from The American Heritage® Dictionary of the English Language, 4th Edition
- Dylan, Bob Originally Robert Allen Zimmerman. Born 1941. American musician who drew on blues, country and western, and folk music to create distinctive protest music in the 1960s. His song "Blowin' in the Wind” became an anthem of the civil rights movement.
from Wiktionary, Creative Commons Attribution/Share-Alike License
- proper n. A male given name.
from WordNet 3.0 Copyright 2006 by Princeton University. All rights reserved.
- n. United States songwriter noted for his protest songs (born in 1941)
- n. Celtic god of the waves; son of Arianrhod
(Soundbite of song, "Hark the Herald Angels Sing") Mr. DYLAN: (Singing) … joyful, all ye nations rise … INSKEEP: Dylan is known for an encyclopedic knowledge of American music.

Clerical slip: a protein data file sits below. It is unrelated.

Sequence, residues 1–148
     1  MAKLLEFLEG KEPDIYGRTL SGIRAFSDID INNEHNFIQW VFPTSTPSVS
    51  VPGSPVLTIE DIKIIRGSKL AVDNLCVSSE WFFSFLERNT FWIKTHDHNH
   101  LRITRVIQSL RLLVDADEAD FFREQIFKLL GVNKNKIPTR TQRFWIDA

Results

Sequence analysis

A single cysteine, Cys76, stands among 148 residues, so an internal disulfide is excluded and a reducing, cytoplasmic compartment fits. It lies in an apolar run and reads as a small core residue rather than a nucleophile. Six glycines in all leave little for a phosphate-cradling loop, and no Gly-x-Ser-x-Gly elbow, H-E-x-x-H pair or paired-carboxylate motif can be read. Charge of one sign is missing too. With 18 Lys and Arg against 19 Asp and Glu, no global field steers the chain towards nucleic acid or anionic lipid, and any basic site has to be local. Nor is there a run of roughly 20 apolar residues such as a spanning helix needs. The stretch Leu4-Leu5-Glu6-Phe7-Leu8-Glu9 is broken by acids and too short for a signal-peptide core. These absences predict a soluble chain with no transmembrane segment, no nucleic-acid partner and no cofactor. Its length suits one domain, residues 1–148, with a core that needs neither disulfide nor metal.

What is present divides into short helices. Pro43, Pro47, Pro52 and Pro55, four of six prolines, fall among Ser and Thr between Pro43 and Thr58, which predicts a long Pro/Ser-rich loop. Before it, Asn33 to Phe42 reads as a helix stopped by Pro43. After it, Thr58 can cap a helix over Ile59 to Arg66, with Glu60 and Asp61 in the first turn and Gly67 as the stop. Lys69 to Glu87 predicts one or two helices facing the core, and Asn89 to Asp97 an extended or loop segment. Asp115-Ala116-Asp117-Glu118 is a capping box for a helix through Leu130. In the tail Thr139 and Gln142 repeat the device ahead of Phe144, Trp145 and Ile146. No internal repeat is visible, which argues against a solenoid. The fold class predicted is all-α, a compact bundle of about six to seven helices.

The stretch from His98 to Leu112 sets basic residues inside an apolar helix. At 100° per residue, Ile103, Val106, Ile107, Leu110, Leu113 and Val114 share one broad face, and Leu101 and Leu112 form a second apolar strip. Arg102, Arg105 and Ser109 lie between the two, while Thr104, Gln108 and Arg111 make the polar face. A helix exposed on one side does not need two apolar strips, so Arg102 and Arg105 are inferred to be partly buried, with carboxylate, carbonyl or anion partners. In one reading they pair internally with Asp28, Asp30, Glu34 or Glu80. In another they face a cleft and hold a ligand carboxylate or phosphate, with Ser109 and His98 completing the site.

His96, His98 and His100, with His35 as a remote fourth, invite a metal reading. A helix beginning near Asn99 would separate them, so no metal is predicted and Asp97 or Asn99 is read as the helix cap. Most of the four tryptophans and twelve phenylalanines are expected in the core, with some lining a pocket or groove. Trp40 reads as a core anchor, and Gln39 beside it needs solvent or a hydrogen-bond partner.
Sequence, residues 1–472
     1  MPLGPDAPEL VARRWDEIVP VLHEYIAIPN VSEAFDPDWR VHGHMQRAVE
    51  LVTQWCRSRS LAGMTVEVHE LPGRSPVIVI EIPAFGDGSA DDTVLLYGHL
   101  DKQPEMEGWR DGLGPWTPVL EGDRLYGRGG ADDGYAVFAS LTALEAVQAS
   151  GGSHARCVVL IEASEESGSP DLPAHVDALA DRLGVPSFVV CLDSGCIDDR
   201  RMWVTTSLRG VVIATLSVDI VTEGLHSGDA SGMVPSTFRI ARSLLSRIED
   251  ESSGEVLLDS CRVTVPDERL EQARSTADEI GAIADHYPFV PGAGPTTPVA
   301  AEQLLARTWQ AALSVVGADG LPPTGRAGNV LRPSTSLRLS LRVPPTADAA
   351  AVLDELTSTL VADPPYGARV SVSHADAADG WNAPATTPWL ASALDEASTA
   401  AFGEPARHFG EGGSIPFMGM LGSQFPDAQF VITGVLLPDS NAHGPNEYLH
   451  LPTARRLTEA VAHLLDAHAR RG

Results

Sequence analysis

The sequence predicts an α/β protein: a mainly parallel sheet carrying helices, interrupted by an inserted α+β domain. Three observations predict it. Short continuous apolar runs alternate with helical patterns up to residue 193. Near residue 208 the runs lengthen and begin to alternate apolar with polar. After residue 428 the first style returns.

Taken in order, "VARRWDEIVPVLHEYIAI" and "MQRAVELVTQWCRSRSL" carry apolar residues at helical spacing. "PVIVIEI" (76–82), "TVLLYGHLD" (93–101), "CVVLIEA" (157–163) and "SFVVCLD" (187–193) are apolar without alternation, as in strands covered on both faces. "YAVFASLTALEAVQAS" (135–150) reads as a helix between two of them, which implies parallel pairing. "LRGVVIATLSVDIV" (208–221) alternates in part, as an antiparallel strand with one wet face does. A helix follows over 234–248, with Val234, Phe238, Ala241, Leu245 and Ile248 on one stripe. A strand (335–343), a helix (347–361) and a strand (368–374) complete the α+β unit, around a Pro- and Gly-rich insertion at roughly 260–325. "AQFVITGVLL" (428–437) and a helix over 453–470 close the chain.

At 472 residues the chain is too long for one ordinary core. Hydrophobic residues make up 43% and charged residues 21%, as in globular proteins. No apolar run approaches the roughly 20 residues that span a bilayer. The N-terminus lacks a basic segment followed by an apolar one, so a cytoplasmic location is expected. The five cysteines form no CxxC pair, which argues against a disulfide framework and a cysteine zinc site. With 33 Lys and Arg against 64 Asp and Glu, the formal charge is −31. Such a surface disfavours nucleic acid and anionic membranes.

(Search "dylan 1980" at YouTube for all 16 clips) (The guy who put these up has a ton of Dylan.)
JENNIFER INWOOD, DYLAN ` S COUSIN: We feel very strongly that Dylan, (INAUDIBLE) their deaths will mean something.
JENNIFER INWOOD, DYLAN ` S COUSIN: We feel very strongly that Dylan and Slade and Brenda and Mark, their deaths will mean something.
Bob Dylan is a well known singer to everyone over 30 or so, and many younger people.
The next morning they went to the pediatrician, who heard something suspicious in Dylan's lungs and ordered him hospitalized.
Today, they form the basis of the 47-track, two-disc "The Witmark Demos: 1962-1964," the ninth volume in Dylan's long-running "Bootleg Series."
Most of the pieces are sequential — not really surprising, as Dylan is a master storyteller himself.
It was POURING outside and I went to get Dylan from the bus stop to spare him the soggy walk home.
Dylan is increasing the folsky feel of his song by playing a bit with the verb tenses.
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